My world started to evolve as I consciously curated my community.
In my real, physical world, I spent time with other runners who were “crazy enough” to wake up before dawn and run. In my online, phone world, I found like-minded souls who treasured health and fitness as much as I did. Sometimes I’d find myself scrolling through Instagram at work, just to reconnect and get a spark of inspiration from my online community, and remind myself, at my core, I was more like them than my finance colleagues. (Don't get me wrong, I really liked my colleagues. They are really good people and we're still friends so if you're reading this, don't freak out!)
I didn’t realize my world was shifting because of my conscious steps to follow my passions in my spare time. After-all, I kept telling myself, they were just hobbies!
Then the bottom fell out.
On the first morning of Spring Track practice in April 2014, I was asked to attend a power breakfast meeting at a prominent Midtown location. I was crushed. I had to miss my first practice of the year! I put on my best suit and went through the motions, but internally, my frustration and feelings of injustice felt largely out of line with “just skipping one practice.” Why was I so upset? It shouldn’t seem like that big a deal, right? Right?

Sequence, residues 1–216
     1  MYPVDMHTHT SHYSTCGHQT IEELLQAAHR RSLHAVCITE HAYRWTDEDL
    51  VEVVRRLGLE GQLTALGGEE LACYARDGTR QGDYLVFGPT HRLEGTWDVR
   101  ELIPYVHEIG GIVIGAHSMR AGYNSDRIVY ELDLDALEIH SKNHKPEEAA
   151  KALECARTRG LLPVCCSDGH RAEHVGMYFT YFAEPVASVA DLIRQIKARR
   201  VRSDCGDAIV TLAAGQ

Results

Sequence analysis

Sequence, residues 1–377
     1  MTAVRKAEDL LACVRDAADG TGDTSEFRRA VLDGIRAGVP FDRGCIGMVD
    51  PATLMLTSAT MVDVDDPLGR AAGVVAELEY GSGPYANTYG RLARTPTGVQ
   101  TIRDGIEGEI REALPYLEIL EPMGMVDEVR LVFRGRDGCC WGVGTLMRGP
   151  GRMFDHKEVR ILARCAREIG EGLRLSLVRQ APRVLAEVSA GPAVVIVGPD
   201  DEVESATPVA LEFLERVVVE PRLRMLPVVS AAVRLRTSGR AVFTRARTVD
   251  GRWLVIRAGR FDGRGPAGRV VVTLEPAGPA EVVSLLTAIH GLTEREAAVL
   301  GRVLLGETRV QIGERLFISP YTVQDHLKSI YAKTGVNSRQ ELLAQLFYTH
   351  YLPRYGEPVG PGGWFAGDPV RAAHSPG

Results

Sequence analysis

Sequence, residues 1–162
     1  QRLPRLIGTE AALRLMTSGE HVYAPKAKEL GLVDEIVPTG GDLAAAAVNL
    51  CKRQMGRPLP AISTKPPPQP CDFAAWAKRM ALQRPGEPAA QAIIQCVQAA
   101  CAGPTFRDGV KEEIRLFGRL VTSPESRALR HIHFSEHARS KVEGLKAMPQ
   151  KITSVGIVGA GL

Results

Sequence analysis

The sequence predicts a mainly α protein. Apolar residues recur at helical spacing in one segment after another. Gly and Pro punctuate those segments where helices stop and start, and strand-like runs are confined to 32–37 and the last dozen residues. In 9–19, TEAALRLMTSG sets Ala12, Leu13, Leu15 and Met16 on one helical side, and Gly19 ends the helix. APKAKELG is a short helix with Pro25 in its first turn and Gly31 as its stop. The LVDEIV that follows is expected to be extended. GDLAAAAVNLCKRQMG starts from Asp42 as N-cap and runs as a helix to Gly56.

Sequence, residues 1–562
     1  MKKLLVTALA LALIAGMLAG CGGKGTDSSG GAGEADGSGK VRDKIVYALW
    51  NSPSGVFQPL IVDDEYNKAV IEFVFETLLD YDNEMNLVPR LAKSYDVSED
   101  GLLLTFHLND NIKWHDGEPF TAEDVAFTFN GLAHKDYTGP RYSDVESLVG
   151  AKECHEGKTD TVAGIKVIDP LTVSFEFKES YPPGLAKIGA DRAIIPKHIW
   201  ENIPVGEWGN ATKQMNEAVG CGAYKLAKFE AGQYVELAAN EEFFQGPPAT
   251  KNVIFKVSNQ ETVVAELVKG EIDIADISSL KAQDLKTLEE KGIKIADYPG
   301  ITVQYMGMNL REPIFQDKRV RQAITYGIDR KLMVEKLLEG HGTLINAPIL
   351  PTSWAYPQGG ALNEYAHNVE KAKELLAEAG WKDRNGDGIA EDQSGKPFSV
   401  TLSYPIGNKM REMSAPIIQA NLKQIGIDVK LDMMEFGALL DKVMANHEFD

But I’d realized, these are not my people. I’m surrounded by five others at breakfast — senior members of the industry who have thrived for decades at their jobs — but these are not my top five.
Over the next few weeks, and a couple more mandated breakfast meetings (and skipped track practices), I decided to reach out to my secret Instagram community and meet some of my mentors in person, in real life! I met with a woman who’d graduated from Boston College, spent years in corporate advertising, then jumped to attend the Institute for Integrative Nutrition, work as a Personal Trainer at Equinox and start her own business. She’d done it, she made the jump, and she was happy. This could me me!
Long story short :: I quit Finance in June 2014, enrolled in Nutrition School, became a Personal Trainer at Equinox and now own my own Health Coaching business and am my own boss. I did it. I’m that Instagram person now that I once admired, and once envied.
It hasn’t always been easy, but it’s been worth it.